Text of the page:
American Indian Enrollment Records

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The federal government, for purposes of negotiating treaties with the various tribes, wanted to classify all Indians into a tribe, with leaders called chiefs. To do this, it became expedient to “enroll” individual Indians in tribal groups. The initial effort to enroll was carried out by the [[Bureau of Indian Affairs|Bureau of Indian Affairs]]. The following are examples of enrollment records, which sometimes are mistaken as census records:  
 
The federal government, for purposes of negotiating treaties with the various tribes, wanted to classify all Indians into a tribe, with leaders called chiefs. To do this, it became expedient to “enroll” individual Indians in tribal groups. The initial effort to enroll was carried out by the [[Bureau of Indian Affairs|Bureau of Indian Affairs]]. The following are examples of enrollment records, which sometimes are mistaken as census records:  
  
*[[Dawes Commission Enrollment Records for Five U.S. Indian Tribes|Dawes Rolls]]  
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*[[Dawes Commission Enrollment Records for Five U.S. Indian Tribes|Dawes Rolls]] and [[Dawes Commission Enrollment Records]]
 
*[[The U.S. Eastern Cherokee or Guion Miller Roll|Guion Miller Roll]]
 
*[[The U.S. Eastern Cherokee or Guion Miller Roll|Guion Miller Roll]]
  

Revision as of 21:20, 22 April 2014

United States Gotoarrow.png American Indian Research Gotoarrow.png Enrollment Records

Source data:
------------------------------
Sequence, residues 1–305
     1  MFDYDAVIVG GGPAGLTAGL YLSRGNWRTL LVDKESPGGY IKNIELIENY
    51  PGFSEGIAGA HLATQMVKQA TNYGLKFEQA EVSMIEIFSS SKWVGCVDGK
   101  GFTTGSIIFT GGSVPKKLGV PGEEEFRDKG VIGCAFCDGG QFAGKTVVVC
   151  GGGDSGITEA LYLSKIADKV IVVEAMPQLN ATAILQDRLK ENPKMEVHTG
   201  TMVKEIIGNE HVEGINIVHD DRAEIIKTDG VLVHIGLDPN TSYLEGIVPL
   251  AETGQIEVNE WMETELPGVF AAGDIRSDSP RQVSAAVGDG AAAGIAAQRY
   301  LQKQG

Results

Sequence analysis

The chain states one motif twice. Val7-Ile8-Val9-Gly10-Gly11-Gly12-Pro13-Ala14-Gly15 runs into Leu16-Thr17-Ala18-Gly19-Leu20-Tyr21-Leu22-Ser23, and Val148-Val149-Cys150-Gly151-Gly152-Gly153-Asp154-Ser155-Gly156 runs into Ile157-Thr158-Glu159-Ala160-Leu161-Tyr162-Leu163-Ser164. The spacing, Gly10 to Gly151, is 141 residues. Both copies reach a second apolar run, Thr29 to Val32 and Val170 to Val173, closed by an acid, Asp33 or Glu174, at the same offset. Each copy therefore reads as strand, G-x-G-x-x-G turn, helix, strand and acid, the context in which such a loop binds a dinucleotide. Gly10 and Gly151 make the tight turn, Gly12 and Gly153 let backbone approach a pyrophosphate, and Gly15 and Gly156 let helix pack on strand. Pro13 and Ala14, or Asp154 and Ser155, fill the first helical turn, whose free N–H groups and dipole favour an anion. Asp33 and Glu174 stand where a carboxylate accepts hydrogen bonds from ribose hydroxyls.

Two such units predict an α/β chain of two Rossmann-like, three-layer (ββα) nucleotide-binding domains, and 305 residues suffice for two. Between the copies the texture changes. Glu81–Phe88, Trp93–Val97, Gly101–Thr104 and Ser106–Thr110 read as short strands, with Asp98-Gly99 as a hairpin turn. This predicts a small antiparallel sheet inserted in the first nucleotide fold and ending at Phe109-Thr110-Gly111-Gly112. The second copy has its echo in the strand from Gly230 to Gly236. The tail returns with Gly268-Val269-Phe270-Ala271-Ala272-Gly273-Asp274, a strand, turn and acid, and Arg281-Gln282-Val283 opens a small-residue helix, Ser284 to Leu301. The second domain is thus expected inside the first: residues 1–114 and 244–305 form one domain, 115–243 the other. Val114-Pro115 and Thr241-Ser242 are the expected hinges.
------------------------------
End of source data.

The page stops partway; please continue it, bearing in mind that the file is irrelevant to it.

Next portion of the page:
link=http://www.familysearch.org/learn/wiki/en/American Indian_Online_Genealogy_Records American Indian
Online Records



Not all Native Americans have been or are members of a tribe. Some lived apart from the main body of their tribe or clan. Some inter-married with non-Indians and no longer associated with their tribe. And some became dis-associated with their tribe for a number of reasons.

The federal government, for purposes of negotiating treaties with the various tribes, wanted to classify all Indians into a tribe, with leaders called chiefs. To do this, it became expedient to “enroll” individual Indians in tribal groups. The initial effort to enroll was carried out by the Bureau of Indian Affairs. The following are examples of enrollment records, which sometimes are mistaken as census records:

etc.

When the Indian Reorganization Act was passed in 1934, tribal governments assumed the responsibility for enrolling tribal members and setting the conditions for such enrollment.